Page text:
Treachery is when the concept of social contract is distorted and problematised

Jul 14,2018 – JORDAN TIMES –

When Prime Minister Omar Razzaz was first proposed to be head of the executive authority in Jordan, Jordanians circulated a paper he wrote back in 2013 entitled “The Treacherous Path Towards a New Arab Social Contract” and celebrated its analysis of the seven transformation factors that would bring about a new Arab order. 

This soft spoken, mild mannered and highly educated intellectual, who is the son of a celebrated Arab politician whose life came to a tragic end prematurely and brother to a much-loved literary author and intellectual who also passed away early, had articulated the people’s aspirations into a value-laden, socioeconomic and political platform that put the livelihood and voice of the people ahead of the shrewd and survival-driven politicking of Arab regimes.

This was the stuff of Arab dreams.

Add to that the inspiring political context within which he was rising to power. Well organised, peaceful, and creative protests led by the middle class, women and youth of Jordan was understood and embraced by a pragmatic and tolerant political leadership and security apparatus, and gave birth to a new breed of politicians carrying transformative political and economic plans, empathy for the people, understanding of the geopolitical factors and a healthy respect for stability in Jordan. Most importantly, the new prime minister who promised change in “nahj”, understood and supported the continued primacy of the political contract between the Hashemite family and the people of Jordan as the non-negotiable ingredient of stability.

The euphoric mood of celebration, however, came to a quick halt when reality took over from dreamy aspirations and individual expectations. The government makeup did not match the people’s aspirations; statements by the new officials highlighted their limited experience in handling their public role and, therefore, raised concerns about their ability to deliver the ambitious programme associated with the appointment of Razzaz; and most recently last week, the speech to seek confidence reiterated the value system that the new premier carried but the practical “indicators of change” Jordanians wanted to be see confirmed within the 100 day plan promises, did not materialise.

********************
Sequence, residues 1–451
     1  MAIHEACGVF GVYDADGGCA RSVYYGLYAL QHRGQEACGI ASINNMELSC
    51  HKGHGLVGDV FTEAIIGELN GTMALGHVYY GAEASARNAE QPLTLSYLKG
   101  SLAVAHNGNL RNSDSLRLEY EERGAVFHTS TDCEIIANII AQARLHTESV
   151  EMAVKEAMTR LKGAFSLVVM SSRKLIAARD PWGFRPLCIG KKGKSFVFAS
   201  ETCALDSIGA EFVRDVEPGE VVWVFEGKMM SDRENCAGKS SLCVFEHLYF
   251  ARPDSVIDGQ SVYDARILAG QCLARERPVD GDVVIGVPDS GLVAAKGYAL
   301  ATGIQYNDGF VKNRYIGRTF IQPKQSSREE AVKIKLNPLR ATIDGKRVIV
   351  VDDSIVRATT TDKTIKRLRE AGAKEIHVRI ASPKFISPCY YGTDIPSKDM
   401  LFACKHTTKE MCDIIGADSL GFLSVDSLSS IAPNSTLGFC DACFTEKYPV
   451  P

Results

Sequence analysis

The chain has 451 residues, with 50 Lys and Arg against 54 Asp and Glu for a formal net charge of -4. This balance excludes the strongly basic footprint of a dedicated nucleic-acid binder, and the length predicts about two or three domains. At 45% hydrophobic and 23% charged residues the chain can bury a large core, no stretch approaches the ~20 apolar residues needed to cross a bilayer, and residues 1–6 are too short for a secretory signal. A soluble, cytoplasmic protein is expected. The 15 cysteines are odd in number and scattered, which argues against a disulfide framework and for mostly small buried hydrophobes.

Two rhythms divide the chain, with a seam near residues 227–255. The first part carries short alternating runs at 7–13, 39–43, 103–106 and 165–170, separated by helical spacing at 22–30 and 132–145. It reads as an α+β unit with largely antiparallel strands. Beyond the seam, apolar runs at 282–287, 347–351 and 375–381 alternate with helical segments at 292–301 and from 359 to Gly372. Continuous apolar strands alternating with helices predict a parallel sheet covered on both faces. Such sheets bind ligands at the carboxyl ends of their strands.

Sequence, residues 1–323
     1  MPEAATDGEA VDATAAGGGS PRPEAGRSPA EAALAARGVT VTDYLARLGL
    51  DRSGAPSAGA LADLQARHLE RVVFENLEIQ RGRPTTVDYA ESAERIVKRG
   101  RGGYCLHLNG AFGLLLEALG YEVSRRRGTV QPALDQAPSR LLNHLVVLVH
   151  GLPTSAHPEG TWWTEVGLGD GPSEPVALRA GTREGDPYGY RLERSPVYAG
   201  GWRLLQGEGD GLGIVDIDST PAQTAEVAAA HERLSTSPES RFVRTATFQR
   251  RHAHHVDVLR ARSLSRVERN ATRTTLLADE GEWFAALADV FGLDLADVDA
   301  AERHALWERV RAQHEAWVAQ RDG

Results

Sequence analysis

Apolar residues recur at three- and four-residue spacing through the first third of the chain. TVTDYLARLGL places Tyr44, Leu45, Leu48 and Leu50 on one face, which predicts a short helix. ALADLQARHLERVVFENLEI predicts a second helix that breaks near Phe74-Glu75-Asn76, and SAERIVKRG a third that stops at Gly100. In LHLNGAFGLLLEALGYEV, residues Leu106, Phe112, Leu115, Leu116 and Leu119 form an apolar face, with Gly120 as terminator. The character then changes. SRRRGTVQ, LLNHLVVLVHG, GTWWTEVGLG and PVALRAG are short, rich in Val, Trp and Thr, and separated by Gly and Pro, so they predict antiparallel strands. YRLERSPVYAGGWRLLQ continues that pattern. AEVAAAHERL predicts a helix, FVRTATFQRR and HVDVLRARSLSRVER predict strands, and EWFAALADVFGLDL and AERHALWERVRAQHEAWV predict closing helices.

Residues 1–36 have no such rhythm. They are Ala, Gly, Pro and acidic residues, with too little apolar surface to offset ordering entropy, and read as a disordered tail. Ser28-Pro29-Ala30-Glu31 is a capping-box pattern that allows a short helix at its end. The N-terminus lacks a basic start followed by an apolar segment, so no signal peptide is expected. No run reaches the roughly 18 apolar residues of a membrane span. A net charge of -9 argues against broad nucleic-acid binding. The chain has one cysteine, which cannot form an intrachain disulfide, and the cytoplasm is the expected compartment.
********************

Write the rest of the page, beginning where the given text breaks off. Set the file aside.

At that moment of uncertainty and doubt, the detractors saw their moment. Rumours and whispers about the unacceptability of Razzaz’s promises of a “new” social contract started to leak through on public platforms. The political leaks argued that it was outside the mandate of the executive authority to draft a new social contract and therefore not his to discuss. The social contract in Jordan, they said, is one between the ruler and the ruled and, therefore, the government is only mandated to implement the tenets of that contract not dabble in drafting and editing it.

Critics quickly shifted their emphasis from the by now “insignificant details” of the viability of individual ministers and plans of action, to the more high-level, and politically loaded, questions about whether Razzaz is reaching beyond his mandate and whether his remarks and plans had the prior approval of the palace and the security apparatus, also a politically charged proposition.

This development is a significant one.

To explain, this narrative is meant as an intentional, and in my opinion underhanded, political challenge to the new premier, aimed at shaking his self-confidence, as well as trust in him, very early on by alluding to a contest over political mandate.

The Prime Ministry did not miss the trick or the obvious allusion in this criticism and issued a statement on Thursday last week in which it clarified: “The social contract that the government is working on drafting organises the relationship between the government and its citizens from the perspective of its citizen rights on the one hand and government responsibility on the other in improving the delivery of government services against the citizens’ contribution in helping shoulder the burdens.” Most critically the statement concluded: “The social contract is not linked to the Constitution or the bay’ah.”